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News April 29, 2020

Live Nation and AEG call on Congress for emergency aid, Australian government refuses to budge

Senior Journalist, B2B
Live Nation and AEG call on Congress for emergency aid, Australian government refuses to budge

Live Nation and AEG have buried the hatchet and teamed up with rival companies and live entertainment professionals to request emergency federal aid.

The once flourishing U.S. concerts landscape is a desert right now, with social distancing restrictions wiping out all gigs and festivals for the foreseeable future.

Almost certainly, the lockdown will continue through the northern summer, wiping out billions of dollars of activity.

Like elsewhere, there’s no timetable on a return to normal. Though several states are moving against medical advice and lifting isolation orders.

In the meantime, a coalition of live industry leaders has pleaded with Congress to expand the Paycheck Protection Act to entertainment business with 500 or fewer employees.

“Our businesses were the first to close and will be the last to reopen,” reads the letter, which lists names organisations as signatories, including the big two concert promoters, LN and AEG.

“Without immediate financial assistance, the future of the public entertainment and event industry is in question. Accordingly, Congress must act now to address the severe impact that governmental closures orders have had on this industry.”

According to the memo, published by Billboard, the live entertainment sector also requests an expansion of loans to mid-sized businesses under the CARES Act and the Federal Reserve’s Main Street Lending programme.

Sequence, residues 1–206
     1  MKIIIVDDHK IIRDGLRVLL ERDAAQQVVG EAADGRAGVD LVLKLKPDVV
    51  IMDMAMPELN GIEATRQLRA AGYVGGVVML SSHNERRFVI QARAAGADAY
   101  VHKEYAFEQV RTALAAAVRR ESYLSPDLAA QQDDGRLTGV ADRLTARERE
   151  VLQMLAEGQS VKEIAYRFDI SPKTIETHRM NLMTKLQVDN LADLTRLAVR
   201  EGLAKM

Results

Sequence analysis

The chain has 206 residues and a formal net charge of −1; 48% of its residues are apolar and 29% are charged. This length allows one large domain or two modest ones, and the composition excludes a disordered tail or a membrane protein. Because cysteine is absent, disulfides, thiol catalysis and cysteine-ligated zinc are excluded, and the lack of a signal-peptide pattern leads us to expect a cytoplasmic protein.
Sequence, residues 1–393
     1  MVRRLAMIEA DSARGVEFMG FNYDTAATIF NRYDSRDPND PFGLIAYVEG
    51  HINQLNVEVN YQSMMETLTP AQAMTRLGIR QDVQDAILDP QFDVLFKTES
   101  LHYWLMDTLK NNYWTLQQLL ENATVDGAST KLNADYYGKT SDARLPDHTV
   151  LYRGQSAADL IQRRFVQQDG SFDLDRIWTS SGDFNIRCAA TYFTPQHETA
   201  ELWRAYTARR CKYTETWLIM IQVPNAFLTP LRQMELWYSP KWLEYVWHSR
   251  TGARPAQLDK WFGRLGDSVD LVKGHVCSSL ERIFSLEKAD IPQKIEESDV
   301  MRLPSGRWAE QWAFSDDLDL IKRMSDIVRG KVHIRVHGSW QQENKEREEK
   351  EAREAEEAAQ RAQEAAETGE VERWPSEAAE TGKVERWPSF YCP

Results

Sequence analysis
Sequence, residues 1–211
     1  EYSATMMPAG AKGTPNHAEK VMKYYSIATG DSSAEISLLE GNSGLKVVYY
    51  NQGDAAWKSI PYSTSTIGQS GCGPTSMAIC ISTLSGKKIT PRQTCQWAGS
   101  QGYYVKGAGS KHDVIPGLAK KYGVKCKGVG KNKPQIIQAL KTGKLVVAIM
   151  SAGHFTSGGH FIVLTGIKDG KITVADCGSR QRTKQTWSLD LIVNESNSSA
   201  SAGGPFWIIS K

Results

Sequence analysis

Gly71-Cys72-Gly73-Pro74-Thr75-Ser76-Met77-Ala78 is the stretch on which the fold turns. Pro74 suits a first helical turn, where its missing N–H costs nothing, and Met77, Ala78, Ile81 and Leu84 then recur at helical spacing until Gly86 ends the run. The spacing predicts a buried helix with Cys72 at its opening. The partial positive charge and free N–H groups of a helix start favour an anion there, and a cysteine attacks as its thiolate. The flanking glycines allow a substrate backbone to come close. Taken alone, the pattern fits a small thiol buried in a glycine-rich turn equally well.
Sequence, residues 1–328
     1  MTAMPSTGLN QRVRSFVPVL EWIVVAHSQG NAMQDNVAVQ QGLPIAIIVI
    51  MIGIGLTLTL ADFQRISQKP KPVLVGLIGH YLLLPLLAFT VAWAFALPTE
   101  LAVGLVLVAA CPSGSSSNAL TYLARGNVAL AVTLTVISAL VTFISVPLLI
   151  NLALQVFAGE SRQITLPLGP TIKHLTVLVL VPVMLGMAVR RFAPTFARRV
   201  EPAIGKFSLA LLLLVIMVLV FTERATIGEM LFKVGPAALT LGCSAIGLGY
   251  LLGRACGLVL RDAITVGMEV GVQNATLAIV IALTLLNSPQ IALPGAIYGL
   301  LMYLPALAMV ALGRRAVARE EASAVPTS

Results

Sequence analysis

“Many insurance carriers have pre-emptively asserted that property damage and event cancellation policies will not provide coverage related to the COVID-19 pandemic,” the letter continues.

The U.S. bailout plea has echoes of the situation in these parts, where Live Performance Australia has engaged in talks with government on behalf of its members on securing a $650 million stimulus and relief package.

Weeks have passed, and the cash hasn’t come.

“We’ve presented the Gov’t with a plan to support our industry through this crisis,” reads a message from LPA posted online last Thursday. “All we have got in reply is ‘try the dole, good luck with JobKeeper and see you again some day’.”

On Saturday, LPA reiterated, “Canberra needs to step up and do a much better job of supporting Australia’s arts workers who have lost their jobs due to COVID-19.”

According to the U.S. coalition of live businesses and advocates, more than 25,000 jobs have been lost as a result of the shutdown and the industry faces the loss of $10 billion to $12 billion this summer, and potentially double that if shows are banned until 2021, a scenario that’s been touted by officials and medical professionals.

Across Australia, event cancellations and postponements have cost $340 million (or US$222 million), according to I Lost My Gig.

The U.S. has reported more than 58,000 deaths related to COVID-19, and last Friday the country saw its largest single-day spike in infections.

In other news, LN Chief Executive Officer Michael Rapino has spelled out the financial damage caused to his business by the health emergency and detailed plans for issuing refunds.

“The volume of events being cancelled and postponed in the last month is larger than last 10 years combined,” reads the memo, reported by Billboard.

After LN-owned Ticketmaster came under heavy fire for its refunds policy, Rapino has clarified the rules. If new dates aren’t announced within 60 days of the original show date, ticket holders will be emailed a refund offer, or they can choose to keep their tickets.

Read more here.

This article originally appeared on The Industry Observer, which is now part of The Music Network.


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